Latin America has a long tradition of grassroots recyclers. It is a tradition of exclusion and marginalization of the people in conditions of poverty who, in order to make a living, scavenged through garbage under cruel and unhealthy environmental conditions. In open-air garbage dumps across the region, that reality still exists, as the crudest reflection of society’s own inequalities. Open-air dumps, sanitary landfills, and incinerator plants are always located in the most marginal areas, and the poorest people pay the environmental consequences of the excesses of a consumer society from which they only receive the remains.
Inclusive recycling systems propose a transformation of this reality. Organized grassroots recyclers have demonstrated that they themselves are the most efficient recovery technology and, by extension, the fundamental pillar of recycling systems. For this reason, any inclusive recycling system should be coordinated and managed by them, in conjunction with the government and the private sector. Such collaborative management, an alliance between diverse sectors, has proven to be the most effective, not only in terms of waste management but also in overcoming historical social inequalities.
The obstacles to recycling systems
Although grassroots recyclers offer a service with great social and environmental benefits, they have been ignored. Their rights have not been recognized in the laws and public policies that provide the framework for waste management systems, and their work is not compensated in accordance with the services they perform. In turn, grassroots recyclers market the recyclable material via informal circuits, receiving income that does not cover the costs associated with the service they provide. This lack of recognition for the work of grassroots recyclers–which translates into unsafe and informal working conditions–and the lack of regulation, decent wages and social benefits, is the great obstacle preventing the entire inclusive recycling industry from achieving true consolidation.
Over the last decades, the predominant model for the waste management business has focused on collection, transportation, and disposal as a mere issue of basic sanitation: get the garbage off the streets and to its ultimate disposal location. This model consumes between 20 to 40 percent of the region’s municipal budgets and favors the creation of economic interests that prevent the incorporation of environmental sustainability, social inclusion, and value chain growth based on a circular economy. In short, the municipalities and cities spend an enormous amount of money on unsustainable and harmful collection and disposal practices, such as open-air dumps and sanitary landfills.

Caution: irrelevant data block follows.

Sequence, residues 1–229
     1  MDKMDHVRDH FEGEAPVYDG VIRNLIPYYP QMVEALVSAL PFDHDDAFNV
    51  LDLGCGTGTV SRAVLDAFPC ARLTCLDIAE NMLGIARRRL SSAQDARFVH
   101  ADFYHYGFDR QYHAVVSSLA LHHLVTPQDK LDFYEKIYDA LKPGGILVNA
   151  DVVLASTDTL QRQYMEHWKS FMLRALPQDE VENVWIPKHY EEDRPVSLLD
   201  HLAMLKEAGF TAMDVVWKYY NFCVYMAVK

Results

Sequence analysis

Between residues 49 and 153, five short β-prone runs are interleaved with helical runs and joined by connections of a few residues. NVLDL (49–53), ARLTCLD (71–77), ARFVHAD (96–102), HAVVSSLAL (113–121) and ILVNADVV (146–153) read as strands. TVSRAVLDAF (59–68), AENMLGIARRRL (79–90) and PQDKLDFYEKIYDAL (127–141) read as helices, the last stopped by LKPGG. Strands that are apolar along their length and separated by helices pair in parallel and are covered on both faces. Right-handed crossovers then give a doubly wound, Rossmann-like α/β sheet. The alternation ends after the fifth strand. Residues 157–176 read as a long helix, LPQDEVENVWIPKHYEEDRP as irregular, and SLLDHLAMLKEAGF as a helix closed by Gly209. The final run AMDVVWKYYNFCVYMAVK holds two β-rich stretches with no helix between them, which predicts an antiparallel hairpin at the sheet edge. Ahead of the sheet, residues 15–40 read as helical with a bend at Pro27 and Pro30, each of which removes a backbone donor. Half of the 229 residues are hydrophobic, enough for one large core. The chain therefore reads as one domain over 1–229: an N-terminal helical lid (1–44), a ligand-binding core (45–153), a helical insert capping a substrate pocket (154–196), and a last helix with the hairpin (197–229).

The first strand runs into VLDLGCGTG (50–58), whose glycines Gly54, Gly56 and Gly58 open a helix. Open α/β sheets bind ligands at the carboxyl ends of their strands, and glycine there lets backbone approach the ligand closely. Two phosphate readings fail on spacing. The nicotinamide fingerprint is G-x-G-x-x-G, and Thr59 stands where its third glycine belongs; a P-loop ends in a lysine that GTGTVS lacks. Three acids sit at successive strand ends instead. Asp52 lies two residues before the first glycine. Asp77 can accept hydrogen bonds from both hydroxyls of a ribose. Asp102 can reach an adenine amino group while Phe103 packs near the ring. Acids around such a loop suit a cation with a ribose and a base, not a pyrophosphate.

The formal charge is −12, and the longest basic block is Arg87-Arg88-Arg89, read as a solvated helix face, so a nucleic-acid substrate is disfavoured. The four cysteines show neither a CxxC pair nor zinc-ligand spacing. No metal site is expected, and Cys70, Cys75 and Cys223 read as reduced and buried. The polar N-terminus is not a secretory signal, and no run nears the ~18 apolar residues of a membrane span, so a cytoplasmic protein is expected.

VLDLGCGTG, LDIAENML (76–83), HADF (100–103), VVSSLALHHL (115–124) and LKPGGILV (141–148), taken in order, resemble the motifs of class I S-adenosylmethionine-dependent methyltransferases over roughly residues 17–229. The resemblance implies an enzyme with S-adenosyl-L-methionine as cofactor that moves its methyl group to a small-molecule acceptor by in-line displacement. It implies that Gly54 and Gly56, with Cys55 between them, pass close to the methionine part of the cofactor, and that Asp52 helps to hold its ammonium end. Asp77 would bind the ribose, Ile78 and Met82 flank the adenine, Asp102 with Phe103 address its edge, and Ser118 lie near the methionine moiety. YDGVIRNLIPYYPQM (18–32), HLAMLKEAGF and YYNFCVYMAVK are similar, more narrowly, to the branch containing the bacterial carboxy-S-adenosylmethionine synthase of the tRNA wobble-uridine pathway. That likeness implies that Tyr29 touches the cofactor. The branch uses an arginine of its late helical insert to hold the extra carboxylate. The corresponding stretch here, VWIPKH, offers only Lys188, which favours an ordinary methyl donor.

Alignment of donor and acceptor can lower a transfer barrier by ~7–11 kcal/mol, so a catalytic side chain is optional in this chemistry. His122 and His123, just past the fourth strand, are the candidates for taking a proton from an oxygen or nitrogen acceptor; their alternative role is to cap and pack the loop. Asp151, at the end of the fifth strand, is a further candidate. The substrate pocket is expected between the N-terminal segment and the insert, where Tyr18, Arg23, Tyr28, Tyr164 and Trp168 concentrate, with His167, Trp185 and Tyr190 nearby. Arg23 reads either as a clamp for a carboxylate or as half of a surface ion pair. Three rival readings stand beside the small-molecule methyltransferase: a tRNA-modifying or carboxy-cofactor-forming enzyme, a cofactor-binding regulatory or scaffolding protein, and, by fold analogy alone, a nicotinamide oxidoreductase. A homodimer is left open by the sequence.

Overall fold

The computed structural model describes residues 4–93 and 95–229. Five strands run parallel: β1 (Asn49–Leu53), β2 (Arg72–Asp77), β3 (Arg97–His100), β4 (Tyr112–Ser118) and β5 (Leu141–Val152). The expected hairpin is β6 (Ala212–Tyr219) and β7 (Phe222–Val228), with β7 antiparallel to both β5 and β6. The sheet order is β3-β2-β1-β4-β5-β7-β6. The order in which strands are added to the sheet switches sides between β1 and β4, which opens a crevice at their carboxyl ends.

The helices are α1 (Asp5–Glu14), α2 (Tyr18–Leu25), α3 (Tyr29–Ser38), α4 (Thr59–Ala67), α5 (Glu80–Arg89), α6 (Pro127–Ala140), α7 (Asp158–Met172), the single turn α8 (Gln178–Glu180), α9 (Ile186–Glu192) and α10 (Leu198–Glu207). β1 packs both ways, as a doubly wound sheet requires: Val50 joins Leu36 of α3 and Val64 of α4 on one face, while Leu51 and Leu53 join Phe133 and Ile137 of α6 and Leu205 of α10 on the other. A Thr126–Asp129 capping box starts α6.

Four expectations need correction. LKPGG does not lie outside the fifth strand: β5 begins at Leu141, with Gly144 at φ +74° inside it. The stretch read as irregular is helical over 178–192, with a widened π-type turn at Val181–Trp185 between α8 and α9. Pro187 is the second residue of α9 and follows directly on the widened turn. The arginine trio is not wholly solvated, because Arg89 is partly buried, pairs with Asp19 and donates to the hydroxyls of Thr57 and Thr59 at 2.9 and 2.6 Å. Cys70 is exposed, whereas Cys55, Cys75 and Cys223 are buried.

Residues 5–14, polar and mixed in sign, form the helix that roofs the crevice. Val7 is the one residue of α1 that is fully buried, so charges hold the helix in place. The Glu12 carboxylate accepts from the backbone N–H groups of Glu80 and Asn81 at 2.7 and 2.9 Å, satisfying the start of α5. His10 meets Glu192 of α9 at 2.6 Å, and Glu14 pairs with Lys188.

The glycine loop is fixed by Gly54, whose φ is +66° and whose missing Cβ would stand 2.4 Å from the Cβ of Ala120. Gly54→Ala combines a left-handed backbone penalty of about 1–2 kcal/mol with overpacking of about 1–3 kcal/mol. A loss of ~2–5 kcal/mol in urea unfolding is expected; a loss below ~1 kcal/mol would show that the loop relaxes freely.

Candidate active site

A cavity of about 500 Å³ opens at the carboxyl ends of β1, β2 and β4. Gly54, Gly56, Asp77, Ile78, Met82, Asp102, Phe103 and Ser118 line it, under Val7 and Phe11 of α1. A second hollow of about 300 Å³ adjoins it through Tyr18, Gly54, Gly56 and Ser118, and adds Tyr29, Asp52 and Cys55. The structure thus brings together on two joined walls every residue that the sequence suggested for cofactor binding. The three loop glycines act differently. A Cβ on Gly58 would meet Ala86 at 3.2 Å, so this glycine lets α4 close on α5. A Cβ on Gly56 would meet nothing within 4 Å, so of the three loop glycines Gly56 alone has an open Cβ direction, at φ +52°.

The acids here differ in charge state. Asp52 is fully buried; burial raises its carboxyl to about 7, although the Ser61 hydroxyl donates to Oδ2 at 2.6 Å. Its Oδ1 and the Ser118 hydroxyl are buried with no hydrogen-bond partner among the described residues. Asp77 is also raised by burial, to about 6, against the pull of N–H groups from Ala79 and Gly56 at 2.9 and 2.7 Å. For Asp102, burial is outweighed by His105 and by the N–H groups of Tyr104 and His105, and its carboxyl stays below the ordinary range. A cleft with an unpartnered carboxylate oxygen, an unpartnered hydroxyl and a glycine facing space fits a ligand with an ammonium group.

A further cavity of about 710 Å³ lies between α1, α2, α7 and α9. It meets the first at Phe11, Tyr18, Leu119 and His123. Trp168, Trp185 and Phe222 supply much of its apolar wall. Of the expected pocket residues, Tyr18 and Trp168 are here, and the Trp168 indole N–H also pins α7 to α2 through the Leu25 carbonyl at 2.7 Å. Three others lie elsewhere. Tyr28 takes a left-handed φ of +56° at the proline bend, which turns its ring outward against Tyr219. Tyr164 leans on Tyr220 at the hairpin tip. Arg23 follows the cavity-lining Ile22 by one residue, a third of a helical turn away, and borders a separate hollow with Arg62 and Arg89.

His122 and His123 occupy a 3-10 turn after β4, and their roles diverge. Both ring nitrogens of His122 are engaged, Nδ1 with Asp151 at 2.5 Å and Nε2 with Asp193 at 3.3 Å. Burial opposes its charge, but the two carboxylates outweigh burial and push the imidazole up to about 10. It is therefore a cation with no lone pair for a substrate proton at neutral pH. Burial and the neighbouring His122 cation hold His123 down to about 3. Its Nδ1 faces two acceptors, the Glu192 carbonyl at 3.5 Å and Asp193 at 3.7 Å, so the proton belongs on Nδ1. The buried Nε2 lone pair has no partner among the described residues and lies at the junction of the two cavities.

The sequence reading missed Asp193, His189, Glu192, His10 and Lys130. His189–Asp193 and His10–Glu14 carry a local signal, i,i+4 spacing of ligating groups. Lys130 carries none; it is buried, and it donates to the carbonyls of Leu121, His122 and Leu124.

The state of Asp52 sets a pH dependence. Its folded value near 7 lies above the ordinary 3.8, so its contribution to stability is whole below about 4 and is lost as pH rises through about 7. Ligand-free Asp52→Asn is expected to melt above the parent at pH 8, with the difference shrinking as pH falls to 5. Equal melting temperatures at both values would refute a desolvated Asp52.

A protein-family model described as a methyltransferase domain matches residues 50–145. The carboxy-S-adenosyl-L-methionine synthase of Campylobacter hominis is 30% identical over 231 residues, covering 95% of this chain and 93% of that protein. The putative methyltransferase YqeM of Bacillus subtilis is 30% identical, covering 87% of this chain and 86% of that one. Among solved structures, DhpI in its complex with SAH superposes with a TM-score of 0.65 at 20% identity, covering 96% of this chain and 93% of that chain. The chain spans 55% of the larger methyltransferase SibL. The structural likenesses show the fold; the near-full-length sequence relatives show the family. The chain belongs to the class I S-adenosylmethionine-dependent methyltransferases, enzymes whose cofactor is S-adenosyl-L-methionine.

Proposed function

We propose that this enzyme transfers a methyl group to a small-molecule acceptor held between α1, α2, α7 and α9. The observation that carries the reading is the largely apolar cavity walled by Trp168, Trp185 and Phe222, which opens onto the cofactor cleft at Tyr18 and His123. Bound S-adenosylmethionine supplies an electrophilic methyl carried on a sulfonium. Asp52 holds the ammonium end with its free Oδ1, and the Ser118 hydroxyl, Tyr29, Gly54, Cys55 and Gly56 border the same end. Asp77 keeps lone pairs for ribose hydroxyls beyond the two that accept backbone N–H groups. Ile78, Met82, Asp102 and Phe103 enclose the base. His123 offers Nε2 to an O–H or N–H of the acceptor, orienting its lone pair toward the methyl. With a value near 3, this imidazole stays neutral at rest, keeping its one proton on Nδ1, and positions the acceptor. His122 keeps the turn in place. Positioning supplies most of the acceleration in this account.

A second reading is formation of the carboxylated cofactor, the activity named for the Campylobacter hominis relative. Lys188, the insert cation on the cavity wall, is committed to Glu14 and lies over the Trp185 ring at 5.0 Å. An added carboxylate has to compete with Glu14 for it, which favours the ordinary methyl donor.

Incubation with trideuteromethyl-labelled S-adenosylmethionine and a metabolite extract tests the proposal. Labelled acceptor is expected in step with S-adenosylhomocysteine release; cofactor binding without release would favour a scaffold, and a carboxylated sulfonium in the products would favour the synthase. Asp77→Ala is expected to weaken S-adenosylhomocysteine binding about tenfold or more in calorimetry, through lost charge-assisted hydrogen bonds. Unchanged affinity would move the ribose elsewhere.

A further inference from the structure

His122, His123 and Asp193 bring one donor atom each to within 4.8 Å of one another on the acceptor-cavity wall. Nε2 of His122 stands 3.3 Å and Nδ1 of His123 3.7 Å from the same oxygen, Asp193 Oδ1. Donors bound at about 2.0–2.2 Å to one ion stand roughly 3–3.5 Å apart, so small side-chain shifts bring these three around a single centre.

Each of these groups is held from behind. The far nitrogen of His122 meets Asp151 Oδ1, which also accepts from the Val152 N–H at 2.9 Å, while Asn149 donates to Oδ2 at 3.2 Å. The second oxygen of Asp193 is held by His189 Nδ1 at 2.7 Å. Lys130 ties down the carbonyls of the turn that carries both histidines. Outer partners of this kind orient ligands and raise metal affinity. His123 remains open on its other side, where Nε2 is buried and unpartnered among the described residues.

Added to this context is a more recent one, which also challenges the development of recycling systems: incineration technologies, or “Waste to Energy.” While in Europe, new circular economy regulations discourage investment in this type of technology, and cities like Madrid have already announced their gradual departure from the incineration of waste, manufacturers and international cooperation organizations are actively promoting these technologies as the solution required by Latin America for its waste management. Though it is true that in northern Europe incineration coexists with high recycling rates, in contexts where there is low institutionality for recycling, or only incipient development of recycling systems exist, the incineration technology competes directly with recycling for materials with high calorific power. Incineration technology thus threatens the development–and the very existence–of inclusive recycling, which is struggling to consolidate in Latin America.
The lack of laws and regulations is another factor that hinders the full implementation of inclusive recycling systems in the region. The investment required to finance this recycling is very high and doesn’t end at the sale of recovered materials. It must meet logistics and transportation costs, and cover the salaries and social benefits of the waste collectors. As the national and municipal governments do not have the necessary resources for the complete development of these systems, it is increasingly important that the region debates and draws up Extended / Shared Producer Responsibility regulations. With these, a variety of instruments will provide the resources to cover necessary investments.
While there are already some experiences of this type in the region– such as the Brazilian Sector Agreement, the Producer’s Extended Responsibility Law in Uruguay, the redeemable packaging tax in Ecuador, and the recent Producer’s Extended Responsibility Law in Chile–in reality it is a regional issue that has a long way to go. As it affects diverse and conflicting interests, its path is not clear of obstacles. There are examples within the region in which financing comes from government coffers, either through additional taxes, such as in Buenos Aires and Curitiba, or by the collection of waste management fees from the populace, as is the case in Bogota. These schemes, however, are limited in their ability to grow and consolidate. Schemes that properly place responsibility and allocate resources are needed to support effective recovery systems.